In live-action television, Hamill had recurring roles in General Hospital and The Texas Wheelers (both pre-Star Wars), and he appeared as The Trickster in the live-action television series of The Flash, a role he would later reprise in the animated series Justice League Unlimited. He has made cameo appearances on MADtv (where he played the estranged father of Ms. Swan), and appeared on Saturday Night Live (playing himself being sold on a Star Wars themed home shopping sale).[6] Hamill appeared on an episode of 3rd Rock from the Sun, playing Luke Skywalker during one of the scenes. He appeared on an episode of Just Shoot Me! He also had a guest spot on The Muppet Show as both himself and his "cousin" Luke Skywalker, along with C-3PO, Chewbacca and R2-D2. In 1986, he appeared in an episode of the TV series The Amazing Stories ("Gather Ye Acorns") in the role of Jonathan, who is advised by "Mother Nature's only son" to not discard his childhood belongings, which causes him trouble during his adult life. As he grows older, he is able to auction off his belongings as memorabilia, becoming wealthy in the process. He also had a recurring role as Tobias LeConte on seaQuest DSV.He also had a small role as Henry in "The Bill Cosby Show" from 1970.

Hamill appeared as Cock-Knocker in the film Jay and Silent Bob Strike Back. He also parodies Luke Skywalker in a "bong saber" duel with Jay and Silent Bob in which he says, "Don't fuck with the Jedi Master, son." When his large, fake right hand prop is cut off in the film's duel, he sighs, looks at the camera and says, "Not again." This was the first time that Hamill and his Star Wars co-star Carrie Fisher appeared in a film together since Return of the Jedi, although they share no scenes. He also provides the voice of Scooby-Doo in the scene which parodies the animated show, where Scooby says "Hi, Ray and Rirent Rob".

Hamill also directed and starred in the 2004 direct-to-DVD Comic Book: The Movie. A comic book fan who attended science fiction and comic conventions before he became famous, Hamill claimed that his character was based on an exaggerated version of himself. He and his crew shot most of the "mockumentary" film during the 2002 San Diego Comic-Con, and enlisted even Stan Lee, Kevin Smith, and Hugh Hefner in small roles. The movie won an award for Best Live-Action DVD Premiere Movie at the 2005 DVD Exclusive Awards.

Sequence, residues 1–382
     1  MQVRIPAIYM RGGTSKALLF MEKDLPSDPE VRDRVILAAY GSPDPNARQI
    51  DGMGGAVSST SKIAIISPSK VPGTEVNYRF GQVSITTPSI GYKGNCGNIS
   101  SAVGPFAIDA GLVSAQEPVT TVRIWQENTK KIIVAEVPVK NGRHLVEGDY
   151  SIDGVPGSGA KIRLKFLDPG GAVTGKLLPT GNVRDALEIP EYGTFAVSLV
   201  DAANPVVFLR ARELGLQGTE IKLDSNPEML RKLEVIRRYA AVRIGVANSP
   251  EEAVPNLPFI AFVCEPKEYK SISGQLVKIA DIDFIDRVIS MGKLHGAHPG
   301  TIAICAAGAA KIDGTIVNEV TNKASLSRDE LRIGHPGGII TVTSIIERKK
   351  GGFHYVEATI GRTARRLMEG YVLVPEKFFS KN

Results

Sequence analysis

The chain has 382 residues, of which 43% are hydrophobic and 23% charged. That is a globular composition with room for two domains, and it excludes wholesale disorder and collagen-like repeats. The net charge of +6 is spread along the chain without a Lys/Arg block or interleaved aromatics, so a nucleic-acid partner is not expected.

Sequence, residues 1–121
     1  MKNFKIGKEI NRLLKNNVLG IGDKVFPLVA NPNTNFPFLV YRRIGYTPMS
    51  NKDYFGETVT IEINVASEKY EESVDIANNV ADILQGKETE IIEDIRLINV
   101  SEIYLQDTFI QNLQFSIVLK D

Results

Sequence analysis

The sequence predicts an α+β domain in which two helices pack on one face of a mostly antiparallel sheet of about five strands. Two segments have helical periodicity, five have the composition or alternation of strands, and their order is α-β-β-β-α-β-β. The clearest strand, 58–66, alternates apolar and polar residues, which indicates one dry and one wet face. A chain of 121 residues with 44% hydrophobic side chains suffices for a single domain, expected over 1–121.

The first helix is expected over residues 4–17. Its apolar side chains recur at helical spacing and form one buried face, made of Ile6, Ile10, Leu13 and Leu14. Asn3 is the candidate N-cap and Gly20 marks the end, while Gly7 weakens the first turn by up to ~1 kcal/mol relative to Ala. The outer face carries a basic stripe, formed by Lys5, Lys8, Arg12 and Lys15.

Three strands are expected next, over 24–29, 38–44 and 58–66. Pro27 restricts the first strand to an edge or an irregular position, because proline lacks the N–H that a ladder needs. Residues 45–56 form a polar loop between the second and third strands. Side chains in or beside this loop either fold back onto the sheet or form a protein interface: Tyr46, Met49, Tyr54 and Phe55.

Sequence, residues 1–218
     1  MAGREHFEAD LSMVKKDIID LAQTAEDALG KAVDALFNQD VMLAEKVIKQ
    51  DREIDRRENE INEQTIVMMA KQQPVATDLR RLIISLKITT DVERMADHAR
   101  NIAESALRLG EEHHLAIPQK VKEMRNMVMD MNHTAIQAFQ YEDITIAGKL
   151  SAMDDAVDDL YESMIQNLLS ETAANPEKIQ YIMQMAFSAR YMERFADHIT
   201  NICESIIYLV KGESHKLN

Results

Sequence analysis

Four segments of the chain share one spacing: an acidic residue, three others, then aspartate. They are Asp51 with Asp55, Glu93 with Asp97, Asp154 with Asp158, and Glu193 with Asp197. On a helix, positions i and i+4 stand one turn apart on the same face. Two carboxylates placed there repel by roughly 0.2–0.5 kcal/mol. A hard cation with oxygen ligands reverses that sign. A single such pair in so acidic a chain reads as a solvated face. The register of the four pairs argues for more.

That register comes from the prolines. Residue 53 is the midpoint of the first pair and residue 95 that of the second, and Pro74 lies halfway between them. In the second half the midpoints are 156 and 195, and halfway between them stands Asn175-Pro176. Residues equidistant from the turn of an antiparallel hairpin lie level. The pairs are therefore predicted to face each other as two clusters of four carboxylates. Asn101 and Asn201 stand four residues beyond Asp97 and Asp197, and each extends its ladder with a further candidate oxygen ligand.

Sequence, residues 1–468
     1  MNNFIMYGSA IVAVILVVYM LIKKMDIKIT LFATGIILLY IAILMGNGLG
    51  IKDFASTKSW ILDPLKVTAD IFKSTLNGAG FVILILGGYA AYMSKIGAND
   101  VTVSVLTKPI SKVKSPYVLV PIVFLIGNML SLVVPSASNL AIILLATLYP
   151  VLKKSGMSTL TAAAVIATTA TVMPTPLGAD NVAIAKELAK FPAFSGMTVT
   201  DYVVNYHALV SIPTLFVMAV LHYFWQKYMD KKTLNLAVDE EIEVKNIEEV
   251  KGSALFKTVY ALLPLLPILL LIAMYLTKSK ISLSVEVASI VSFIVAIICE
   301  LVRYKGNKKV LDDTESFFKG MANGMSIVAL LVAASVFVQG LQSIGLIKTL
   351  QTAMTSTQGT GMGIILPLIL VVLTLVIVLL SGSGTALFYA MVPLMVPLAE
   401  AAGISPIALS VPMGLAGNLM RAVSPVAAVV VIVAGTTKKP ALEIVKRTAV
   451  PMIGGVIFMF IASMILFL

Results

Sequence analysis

Voice actingEdit

Mark Hamill has gained a reputation as a prolific voice actor, beginning with his acclaimed role as the Joker in the Emmy Award-winning Batman: The Animated Series (1992–1995), as well as most of the other spin-off series, video games and films. Hamill had initially played a guest voice-role as corrupt businessman Ferris Boyle in the episode "Heart of Ice", and was delighted when offered the role of the Joker, one of his favorite characters. The most prominent feature of his portrayal that has garnered such acclaim is his dynamic use of laughter to express the Joker's mood. Hamill referred to the Joker's laugh as being like a musical instrument and would practice laughing maniacally while driving to recording sessions, commenting that no one found this behavior strange in Los Angeles.

Hamill also voiced the Joker in three episodes of Superman: The Animated Series, five episodes of The New Batman Adventures, five episodes of Justice League, and an episode of Static Shock. He also voiced the Joker in the theatrical film Batman: Mask of the Phantasm (1993) and the direct-to-video film Batman Beyond: Return of the Joker (2000).[7]

The short-lived WB live action series, Birds of Prey, based on the comic book of the same title, featured a flashback sequence in which the Joker shoots Barbara Gordon (Batgirl) and paralyzes her. This sequence featured Hamill voicing the Joker, dubbed over an actor whose facial structure more resembled the character. The actor's face was shot in the background so as to be slightly blurred. Hamill also voiced the Joker alongside his Batman: The Animated Series co-star Kevin Conroy as Batman and Jason Hillhouse as Dick Grayson in a feature of a storyboard scene included in the 2005 Special Edition DVD of Tim Burton's 1989 Batman film. This scene depicted the origin of Robin, which wasn't filmed because the producers felt it was out of place with the rest of the movie. He starred in the animated series Regular Show, played the voice as [Skips].

Hamill has confirmed that the video game Batman: Arkham City, the upcoming sequel to the popular Batman: Arkham Asylum, will be the final time he voices the Joker.[8]